Volkswagen AG and Porsche SE failed in their attempts to combine by the end of the year as lawsuits left them unable to determine a valuation, raising doubts over whether a merger of the German automakers will ever take place.
“These legal hurdles are no longer expected to be removed in time,” Volkswagen said in a statement, adding that “an indication by the Stuttgart public prosecutors of the length of time needed for the preliminary investigations” was among the factors that led to the decision.
“Nevertheless, all parties remain committed to the goal of creating an integrated automotive group with Porsche and are convinced that this will take place,” it added.
The two agreed to the merger deal in 2009 after Porsche nearly sank itself with debt in trying to take over VW. Porsche still faces shareholder lawsuits and a U.S. stock manipulation probe (denied by Porsche) over actions in that Byzantine effort.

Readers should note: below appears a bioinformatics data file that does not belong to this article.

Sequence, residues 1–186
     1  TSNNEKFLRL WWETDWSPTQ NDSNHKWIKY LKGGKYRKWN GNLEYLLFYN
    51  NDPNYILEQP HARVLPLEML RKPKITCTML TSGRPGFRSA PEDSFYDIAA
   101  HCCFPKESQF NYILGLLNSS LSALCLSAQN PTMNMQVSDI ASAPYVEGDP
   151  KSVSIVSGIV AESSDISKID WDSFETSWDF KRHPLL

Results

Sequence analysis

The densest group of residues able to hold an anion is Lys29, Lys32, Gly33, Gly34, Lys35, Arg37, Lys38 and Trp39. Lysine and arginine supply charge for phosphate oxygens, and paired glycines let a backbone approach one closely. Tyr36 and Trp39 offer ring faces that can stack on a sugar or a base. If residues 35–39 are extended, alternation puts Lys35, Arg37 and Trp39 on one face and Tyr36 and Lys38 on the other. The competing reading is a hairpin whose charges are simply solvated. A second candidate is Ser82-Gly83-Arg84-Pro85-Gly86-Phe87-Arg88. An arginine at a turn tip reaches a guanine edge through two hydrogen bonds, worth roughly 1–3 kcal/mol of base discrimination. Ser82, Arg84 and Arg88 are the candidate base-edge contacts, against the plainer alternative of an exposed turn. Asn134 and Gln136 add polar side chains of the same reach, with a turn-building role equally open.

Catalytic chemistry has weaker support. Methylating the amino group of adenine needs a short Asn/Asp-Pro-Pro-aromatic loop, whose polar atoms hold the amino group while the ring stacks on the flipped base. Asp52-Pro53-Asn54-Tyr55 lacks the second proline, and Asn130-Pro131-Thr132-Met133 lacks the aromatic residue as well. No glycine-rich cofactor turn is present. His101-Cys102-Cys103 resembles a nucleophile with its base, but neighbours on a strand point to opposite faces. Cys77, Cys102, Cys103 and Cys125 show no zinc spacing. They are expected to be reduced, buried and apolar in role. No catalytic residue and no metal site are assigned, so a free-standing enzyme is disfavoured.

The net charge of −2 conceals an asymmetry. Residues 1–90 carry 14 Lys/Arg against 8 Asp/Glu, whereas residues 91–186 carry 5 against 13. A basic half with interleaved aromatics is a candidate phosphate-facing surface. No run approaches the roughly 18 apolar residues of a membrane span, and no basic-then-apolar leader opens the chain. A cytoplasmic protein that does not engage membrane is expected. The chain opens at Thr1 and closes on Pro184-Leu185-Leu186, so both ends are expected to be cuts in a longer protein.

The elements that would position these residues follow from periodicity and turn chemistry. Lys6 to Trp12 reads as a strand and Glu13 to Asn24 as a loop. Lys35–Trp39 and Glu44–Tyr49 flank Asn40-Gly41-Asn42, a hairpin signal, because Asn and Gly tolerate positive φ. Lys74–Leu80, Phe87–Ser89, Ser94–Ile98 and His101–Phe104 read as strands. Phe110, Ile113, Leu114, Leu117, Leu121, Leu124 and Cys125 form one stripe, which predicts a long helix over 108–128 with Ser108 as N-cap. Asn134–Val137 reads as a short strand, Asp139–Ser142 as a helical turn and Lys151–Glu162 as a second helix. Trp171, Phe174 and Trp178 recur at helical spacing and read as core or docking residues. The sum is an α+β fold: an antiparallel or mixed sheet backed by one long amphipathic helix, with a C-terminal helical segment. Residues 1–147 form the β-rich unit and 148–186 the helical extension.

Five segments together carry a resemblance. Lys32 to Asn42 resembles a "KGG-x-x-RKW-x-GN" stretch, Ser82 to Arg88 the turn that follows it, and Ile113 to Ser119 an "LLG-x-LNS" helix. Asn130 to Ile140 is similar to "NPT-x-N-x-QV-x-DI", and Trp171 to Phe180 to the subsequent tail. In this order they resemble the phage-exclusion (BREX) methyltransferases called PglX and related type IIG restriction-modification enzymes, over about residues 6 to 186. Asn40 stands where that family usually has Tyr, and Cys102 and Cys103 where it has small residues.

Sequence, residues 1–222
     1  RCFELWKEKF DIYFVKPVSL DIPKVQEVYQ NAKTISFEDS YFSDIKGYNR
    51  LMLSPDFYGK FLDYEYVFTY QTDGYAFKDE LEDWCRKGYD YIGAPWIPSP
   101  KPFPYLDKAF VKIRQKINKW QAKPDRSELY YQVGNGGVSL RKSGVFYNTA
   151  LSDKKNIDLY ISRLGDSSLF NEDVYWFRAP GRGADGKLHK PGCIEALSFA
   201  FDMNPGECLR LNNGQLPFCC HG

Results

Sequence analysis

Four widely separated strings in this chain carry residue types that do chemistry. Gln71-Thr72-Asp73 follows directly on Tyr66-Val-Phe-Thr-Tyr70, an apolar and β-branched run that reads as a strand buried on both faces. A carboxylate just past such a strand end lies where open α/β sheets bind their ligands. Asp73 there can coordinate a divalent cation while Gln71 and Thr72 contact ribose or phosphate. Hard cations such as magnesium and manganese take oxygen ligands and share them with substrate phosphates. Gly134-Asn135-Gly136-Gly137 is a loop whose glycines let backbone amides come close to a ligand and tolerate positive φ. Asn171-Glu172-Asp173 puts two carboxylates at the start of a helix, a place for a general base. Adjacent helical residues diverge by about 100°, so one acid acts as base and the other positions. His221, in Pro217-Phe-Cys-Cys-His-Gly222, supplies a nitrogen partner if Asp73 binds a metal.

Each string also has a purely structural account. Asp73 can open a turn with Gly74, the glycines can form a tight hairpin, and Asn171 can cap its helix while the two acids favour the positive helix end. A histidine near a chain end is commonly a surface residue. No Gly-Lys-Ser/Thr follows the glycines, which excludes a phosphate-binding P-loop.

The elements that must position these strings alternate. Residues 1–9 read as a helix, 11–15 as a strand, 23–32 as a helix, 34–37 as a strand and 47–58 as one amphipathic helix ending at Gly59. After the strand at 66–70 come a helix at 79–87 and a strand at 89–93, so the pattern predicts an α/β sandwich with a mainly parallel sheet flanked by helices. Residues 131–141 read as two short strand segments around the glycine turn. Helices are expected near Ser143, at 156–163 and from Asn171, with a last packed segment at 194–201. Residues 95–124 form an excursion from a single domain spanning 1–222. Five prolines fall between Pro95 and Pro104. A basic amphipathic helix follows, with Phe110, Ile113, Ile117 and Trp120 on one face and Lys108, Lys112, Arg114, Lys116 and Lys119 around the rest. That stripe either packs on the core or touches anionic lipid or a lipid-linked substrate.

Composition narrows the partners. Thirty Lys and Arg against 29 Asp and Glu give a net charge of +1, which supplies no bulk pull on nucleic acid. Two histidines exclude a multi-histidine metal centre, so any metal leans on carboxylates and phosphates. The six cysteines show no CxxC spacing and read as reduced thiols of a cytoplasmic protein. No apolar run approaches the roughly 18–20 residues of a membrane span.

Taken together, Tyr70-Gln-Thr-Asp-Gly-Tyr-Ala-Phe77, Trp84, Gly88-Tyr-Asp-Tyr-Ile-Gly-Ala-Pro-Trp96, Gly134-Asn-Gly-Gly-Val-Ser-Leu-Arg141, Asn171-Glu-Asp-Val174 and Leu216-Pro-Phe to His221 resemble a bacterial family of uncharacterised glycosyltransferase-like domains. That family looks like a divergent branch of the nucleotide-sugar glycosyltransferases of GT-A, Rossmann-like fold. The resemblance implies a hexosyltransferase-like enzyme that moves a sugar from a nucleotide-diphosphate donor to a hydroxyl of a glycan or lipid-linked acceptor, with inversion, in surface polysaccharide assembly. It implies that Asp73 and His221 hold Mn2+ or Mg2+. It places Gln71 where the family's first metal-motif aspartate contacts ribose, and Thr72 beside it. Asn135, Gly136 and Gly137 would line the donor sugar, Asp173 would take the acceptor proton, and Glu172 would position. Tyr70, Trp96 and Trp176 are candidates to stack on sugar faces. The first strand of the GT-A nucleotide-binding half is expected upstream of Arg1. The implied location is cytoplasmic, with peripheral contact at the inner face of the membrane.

Volkswagen further said that in the coming weeks, its board of management will, “analyze whether other potential courses of action exist for achieving the goal of creating an integrated automotive group with Porsche”.
It said the results of this review would be presented to the company’s supervisory board before the end of this year.
Porsche tumbled 9.3 percent to 39.90 euros, while Volkswagen’s preferred shares rose 0.2 percent to 108.20 euros, as Europe’s largest carmaker delayed its merger with the maker of the 911 sports car.